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Apr 5, 2019

Canada's job run stalls in March with first drop in seven months

Canada snaps a streak of jobs growth while U.S. adds more jobs than expected

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Canada posted its first employment drop in seven months, ending an unusually strong run of job gains.

Employment fell by 7,200 in March, mostly full-time positions in the services sector, Statistics Canada said Friday in Ottawa. Economists had forecast employers would add 6,000 jobs. Statistically, the decline is considered a flat reading. The country’s jobless rate was unchanged at 5.8 per cent.

It was only a matter of time before Canada’s jobs market cooled after a sharp rise in employment in recent months, particularly as other indicators have showed a much weaker picture.

Canada’s economy had added 290,000 jobs between August and February, the largest six-month increase since 2002. Those gains however were out of line with data that showed production stalling at the end of last year, in part because of falling oil prices.

“The party had to end at some point, since Canadian jobs data had outrun other signposts of economic growth so dramatically, making the small retreat in employment in March not much of a surprise,” Avery Shenfeld, chief economist at CIBC Capital Markets, said in a note to investors.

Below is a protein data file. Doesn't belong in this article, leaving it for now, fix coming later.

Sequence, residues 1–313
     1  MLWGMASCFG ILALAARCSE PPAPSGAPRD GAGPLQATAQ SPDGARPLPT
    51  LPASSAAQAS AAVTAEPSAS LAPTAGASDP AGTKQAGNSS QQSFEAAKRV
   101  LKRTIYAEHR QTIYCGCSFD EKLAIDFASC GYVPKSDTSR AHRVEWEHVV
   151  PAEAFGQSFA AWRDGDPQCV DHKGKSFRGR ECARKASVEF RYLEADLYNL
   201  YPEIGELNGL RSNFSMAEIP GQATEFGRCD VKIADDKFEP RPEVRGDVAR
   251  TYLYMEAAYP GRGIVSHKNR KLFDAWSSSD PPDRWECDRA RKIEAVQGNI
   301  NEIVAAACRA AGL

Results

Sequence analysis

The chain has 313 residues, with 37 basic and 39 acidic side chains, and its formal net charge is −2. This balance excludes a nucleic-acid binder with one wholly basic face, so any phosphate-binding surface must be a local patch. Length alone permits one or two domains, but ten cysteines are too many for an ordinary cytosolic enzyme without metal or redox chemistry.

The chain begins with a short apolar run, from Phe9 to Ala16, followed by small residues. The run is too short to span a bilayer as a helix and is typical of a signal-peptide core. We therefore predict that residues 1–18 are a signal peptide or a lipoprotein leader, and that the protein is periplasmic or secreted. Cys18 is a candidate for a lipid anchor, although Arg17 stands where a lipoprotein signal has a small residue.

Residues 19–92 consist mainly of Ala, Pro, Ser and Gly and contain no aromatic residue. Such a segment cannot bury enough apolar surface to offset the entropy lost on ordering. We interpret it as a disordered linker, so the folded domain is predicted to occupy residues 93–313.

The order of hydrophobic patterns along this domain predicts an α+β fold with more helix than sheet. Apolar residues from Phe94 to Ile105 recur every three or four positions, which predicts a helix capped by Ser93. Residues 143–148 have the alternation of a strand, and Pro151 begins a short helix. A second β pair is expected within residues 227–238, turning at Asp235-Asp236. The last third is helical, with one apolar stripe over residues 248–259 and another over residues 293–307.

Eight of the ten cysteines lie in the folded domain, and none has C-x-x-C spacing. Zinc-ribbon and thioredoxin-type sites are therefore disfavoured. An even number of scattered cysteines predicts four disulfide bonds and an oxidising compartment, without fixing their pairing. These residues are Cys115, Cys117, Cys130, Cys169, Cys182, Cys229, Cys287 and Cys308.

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The strong performance of the jobs market up to now has been one of the reasons why the Bank of Canada has stuck to its belief the economy will rebound later this year.

The Canadian dollar extended declines after the release, down 0.2 per cent to $1.3389 per U.S. dollar in Toronto trading at 8:35 a.m. The Canadian jobs report coincided with U.S. payroll numbers that came in more than forecast in March.

Labour force numbers, which had been rising strongly along with jobs, also declined slightly in March, down by 11,300.

The employment decrease was driven by a 17,300 drop in private-sector jobs, with public sector employment up slightly last month. Full-time positions were down by 6,400, while the economy also lost 900 part-time jobs. Health-care and accommodation led the declines. Among provinces, Quebec and Ontario saw the largest declines, with combined losses of 21,700.

The labour market continues to improve in one respect: annual hourly wage gains accelerated to 2.4 per cent in March, the fastest annual gain since September, up from 2.3 per cent in February. Pay gains for permanent employees rose to 2.3 per cent, the strongest increase since August.

Total hours worked also picked up in March, increasing by 0.9 per cent annually, after a drop of 0.1 per cent the previous month.